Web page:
Most of the multimedia concepts are pretty simple at the high level (e.g frame is just a picture or some sound with some timestamp) with an excruciating amount of quirk and details that require your toolkit to make choices for you or make you face a large amount of complexity.

That leads to API that are either easy but quite inflexible (and opinionated) or API providing all the flexibility, but forcing the user to have to learn a lot of information in order to achieve what the simpler API would let you implement in an handful of lines of code.

I wanted to leverage Rust to make the low level implementations with less bugs and, at the same time, try to provide a better API to use it.

Why now?

Since 2016 I kept bouncing ideas with Kostya and Geoffroy but between my work duties and other projects I couldn’t devote enough time to it. Thanks to the Mozilla Open Source Support initiative that awarded me with enough to develop it full time, now the project has already some components published and more will follow during the next months.


I’m trying to leverage the experience I have from contributing to vlc and libav and keep what is working well and try to not make the same mistakes.

Ease of use

I want that the whole toolkit to be useful to a wide audience. Developers often fight against the library in order to undo what is happening under the hood or end up vendoring some part of it since they need only a tiny subset of all the features that are provided.

Rust makes quite natural split large projects in independent components (called crates) and it is already quite common to have meta-crates re-exporting many smaller crates to provide some uniform access.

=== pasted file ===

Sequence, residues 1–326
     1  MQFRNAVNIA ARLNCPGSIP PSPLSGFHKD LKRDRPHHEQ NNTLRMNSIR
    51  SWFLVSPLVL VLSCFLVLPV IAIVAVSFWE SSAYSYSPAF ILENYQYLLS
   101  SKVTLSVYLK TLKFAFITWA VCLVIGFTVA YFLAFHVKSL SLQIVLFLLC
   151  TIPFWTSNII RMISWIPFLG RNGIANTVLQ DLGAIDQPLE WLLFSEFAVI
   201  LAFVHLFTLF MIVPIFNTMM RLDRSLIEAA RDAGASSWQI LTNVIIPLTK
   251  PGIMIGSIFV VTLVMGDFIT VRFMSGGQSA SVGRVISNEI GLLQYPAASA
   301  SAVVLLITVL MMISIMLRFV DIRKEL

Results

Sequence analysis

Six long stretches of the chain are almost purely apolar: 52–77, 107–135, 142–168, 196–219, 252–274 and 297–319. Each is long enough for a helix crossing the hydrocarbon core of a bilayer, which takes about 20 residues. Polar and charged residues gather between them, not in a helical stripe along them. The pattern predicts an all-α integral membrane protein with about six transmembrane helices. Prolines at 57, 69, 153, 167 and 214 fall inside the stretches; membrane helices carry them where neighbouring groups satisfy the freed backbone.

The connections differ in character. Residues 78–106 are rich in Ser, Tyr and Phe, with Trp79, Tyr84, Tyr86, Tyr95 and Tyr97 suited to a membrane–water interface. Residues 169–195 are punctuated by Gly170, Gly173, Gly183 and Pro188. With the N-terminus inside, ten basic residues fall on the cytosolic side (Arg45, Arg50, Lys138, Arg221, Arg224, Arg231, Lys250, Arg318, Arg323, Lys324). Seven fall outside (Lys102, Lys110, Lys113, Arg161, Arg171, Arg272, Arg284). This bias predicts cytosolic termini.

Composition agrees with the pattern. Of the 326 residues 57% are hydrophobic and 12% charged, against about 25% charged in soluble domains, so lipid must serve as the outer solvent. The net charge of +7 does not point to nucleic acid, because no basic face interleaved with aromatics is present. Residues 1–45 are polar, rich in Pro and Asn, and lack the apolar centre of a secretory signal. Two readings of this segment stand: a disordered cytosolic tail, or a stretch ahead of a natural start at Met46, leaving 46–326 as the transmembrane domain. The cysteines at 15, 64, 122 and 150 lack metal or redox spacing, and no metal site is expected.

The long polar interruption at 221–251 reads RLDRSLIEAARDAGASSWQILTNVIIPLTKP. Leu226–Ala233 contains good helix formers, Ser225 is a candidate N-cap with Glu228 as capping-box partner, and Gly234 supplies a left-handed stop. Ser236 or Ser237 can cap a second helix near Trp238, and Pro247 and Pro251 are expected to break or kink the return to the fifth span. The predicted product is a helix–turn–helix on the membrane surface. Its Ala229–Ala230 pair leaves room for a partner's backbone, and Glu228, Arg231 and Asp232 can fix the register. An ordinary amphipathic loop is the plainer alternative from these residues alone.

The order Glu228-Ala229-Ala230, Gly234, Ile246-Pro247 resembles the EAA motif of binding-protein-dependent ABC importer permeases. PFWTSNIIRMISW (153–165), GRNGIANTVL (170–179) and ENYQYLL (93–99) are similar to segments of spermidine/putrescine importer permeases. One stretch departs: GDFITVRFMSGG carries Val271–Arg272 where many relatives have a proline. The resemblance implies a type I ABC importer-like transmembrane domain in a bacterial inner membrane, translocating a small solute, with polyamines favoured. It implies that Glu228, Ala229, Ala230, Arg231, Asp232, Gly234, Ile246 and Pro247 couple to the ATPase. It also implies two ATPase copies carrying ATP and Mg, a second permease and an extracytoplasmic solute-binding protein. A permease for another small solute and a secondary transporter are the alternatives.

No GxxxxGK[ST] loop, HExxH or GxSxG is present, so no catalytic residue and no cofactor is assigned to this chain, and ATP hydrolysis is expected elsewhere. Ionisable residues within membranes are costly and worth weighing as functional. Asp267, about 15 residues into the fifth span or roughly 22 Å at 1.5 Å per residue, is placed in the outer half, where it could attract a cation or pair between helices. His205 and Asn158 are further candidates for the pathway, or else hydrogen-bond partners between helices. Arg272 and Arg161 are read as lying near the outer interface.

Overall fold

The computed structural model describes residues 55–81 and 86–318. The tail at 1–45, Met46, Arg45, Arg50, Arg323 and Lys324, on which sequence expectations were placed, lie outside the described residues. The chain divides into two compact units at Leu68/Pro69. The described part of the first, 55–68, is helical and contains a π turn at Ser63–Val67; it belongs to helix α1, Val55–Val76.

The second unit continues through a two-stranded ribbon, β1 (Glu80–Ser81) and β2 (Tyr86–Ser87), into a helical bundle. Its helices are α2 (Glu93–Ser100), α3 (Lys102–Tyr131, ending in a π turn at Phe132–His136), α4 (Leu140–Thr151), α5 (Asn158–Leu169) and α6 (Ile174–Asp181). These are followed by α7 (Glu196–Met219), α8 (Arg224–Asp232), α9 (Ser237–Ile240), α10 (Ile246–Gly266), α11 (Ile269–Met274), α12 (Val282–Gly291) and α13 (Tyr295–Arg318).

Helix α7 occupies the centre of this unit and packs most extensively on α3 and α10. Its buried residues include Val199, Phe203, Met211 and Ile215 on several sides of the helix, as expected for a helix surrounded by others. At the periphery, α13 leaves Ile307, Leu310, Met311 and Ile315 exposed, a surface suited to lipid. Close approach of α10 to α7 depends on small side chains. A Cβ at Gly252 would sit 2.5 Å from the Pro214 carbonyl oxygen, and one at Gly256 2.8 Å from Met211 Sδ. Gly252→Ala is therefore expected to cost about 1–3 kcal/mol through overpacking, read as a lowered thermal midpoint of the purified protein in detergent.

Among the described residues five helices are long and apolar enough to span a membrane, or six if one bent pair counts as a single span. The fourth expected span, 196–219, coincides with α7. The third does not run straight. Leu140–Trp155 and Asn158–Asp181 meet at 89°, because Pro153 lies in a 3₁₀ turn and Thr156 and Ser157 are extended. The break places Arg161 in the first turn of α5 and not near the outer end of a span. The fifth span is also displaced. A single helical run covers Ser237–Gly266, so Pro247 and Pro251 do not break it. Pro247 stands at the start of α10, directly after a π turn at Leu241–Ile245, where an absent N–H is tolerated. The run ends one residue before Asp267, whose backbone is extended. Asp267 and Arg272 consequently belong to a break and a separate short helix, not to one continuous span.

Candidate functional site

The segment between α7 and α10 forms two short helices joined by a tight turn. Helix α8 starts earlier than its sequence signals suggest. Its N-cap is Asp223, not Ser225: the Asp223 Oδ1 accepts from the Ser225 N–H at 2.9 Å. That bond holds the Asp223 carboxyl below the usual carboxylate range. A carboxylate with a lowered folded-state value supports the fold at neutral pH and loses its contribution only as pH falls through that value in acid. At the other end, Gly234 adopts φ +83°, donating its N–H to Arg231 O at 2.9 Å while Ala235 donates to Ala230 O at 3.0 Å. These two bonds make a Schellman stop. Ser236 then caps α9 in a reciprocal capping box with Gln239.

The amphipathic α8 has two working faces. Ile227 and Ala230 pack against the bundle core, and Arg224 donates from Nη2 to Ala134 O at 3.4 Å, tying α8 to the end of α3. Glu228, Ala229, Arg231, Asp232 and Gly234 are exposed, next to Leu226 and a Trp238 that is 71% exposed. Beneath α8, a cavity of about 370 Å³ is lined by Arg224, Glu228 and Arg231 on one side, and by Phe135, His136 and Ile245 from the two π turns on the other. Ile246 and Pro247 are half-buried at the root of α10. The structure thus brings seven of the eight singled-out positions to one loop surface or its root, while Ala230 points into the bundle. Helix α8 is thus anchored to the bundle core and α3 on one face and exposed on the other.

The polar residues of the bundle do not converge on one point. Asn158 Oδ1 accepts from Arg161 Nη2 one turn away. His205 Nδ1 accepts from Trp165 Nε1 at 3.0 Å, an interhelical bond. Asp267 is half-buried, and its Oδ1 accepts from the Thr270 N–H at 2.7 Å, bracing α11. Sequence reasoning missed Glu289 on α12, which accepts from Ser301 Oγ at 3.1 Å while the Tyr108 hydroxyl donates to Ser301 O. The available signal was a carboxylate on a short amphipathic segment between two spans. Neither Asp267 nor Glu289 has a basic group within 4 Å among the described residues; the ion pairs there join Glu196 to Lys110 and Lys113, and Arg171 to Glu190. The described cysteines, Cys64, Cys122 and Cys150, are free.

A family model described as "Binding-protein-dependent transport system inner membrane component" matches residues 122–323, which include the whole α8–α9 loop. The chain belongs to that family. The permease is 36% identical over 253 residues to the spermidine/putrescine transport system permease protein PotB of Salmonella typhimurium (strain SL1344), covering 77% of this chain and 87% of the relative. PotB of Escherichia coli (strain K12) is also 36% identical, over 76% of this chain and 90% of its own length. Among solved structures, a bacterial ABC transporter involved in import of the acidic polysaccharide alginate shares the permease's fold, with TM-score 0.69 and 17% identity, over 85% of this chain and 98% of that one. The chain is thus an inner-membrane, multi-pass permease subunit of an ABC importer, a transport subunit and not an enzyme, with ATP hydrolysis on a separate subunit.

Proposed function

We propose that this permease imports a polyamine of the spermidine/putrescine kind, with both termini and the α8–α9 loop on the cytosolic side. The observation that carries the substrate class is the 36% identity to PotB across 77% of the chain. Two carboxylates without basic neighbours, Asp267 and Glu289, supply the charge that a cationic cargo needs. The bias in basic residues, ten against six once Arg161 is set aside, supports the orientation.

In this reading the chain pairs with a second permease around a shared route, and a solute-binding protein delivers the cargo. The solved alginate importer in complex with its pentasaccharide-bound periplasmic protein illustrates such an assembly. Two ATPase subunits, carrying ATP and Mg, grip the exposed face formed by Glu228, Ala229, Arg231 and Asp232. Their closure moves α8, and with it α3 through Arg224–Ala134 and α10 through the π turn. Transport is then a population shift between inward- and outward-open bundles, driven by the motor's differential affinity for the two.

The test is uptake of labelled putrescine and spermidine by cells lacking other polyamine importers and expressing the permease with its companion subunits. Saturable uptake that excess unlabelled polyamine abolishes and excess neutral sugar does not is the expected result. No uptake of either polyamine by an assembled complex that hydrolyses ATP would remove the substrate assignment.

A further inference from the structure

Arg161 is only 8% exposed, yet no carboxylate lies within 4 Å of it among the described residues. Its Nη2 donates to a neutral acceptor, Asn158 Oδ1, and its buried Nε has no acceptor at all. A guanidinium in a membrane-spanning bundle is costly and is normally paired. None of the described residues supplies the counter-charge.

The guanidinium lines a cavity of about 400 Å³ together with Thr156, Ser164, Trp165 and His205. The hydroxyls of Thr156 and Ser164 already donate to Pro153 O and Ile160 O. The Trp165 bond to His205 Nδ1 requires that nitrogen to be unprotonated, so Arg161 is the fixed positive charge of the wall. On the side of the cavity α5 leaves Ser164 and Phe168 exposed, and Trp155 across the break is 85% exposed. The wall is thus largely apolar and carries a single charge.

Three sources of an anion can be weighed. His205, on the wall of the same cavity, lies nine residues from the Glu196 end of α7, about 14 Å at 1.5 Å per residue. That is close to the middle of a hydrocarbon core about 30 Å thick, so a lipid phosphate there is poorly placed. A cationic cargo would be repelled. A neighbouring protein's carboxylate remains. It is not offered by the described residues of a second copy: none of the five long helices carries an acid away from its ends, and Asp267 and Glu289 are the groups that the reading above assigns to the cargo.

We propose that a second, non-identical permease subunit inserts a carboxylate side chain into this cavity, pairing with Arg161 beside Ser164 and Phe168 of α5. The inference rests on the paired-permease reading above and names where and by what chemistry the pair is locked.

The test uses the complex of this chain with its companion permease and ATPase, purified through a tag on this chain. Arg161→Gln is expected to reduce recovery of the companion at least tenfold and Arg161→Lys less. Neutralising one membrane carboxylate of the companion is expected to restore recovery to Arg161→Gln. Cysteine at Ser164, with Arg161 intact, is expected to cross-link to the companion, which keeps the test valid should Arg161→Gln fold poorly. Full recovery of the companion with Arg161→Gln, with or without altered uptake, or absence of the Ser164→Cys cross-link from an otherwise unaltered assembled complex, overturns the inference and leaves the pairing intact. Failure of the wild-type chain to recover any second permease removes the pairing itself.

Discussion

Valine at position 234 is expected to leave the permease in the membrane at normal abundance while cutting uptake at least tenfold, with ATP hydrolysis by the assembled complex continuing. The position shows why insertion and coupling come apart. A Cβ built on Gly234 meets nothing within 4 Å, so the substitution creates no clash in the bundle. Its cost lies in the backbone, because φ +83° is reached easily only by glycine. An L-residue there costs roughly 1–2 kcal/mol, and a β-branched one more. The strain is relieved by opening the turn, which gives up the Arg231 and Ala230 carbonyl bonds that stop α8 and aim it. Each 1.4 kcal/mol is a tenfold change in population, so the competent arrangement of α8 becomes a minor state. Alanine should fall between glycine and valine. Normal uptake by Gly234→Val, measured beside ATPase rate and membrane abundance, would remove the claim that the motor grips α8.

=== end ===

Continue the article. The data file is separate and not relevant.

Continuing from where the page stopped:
The rust-av code, as opposed to the rather monolithic approach taken in Libav, can be reused with the granularity of the bare codec or format:

  • Integrating it in a foreign toolkit won’t require to undo what the common utility code does.
  • Even when using it through the higher level layers, rust-av won’t force the developer to bring in any unrelated dependencies.
  • On the other hand users that enjoy a fully integrated and all-encompassing solution can simply depend on the meta-crates and get the support for everything.


Multimedia playback boils down to efficiently do complex computation so an arbitrary large amount of data can be rendered within a fraction of second, multimedia real time streaming requires to compress an equally large amount of data in the same time.

Speed in multimedia is important.

Rust provides high level idiomatic constructs that surprisingly lead to pretty decent runtime speed. The stdsimd effort and the seamless C ABI support make easier to leverage the SIMD instructions provided by the recent CPU architectures.


Traditionally the most effective way to write fast multimedia code had been pairing C and assembly. Sadly the combination makes quite easy to overlook corner cases and have any kind of memory hazards (use-after-free, out of bound reads and writes, NULL-dereferences…).

Rust effectively prevents a good deal of those issues at compile time. Since its abstractions usually do not cause slowdowns it is possible to write code that is, arguably, less misleading and as fast.


The toolkit is composed of multiple, loosely coupled, crates. They can be grouped by level of abstraction.


av-data: Used by nearly all the other crates it provides basic data types and a minimal amount of functionality on top of it. It provides the following structs mainly:

  • Frame: it binds together a time reference and a buffer, representing either a video picture or some audio samples.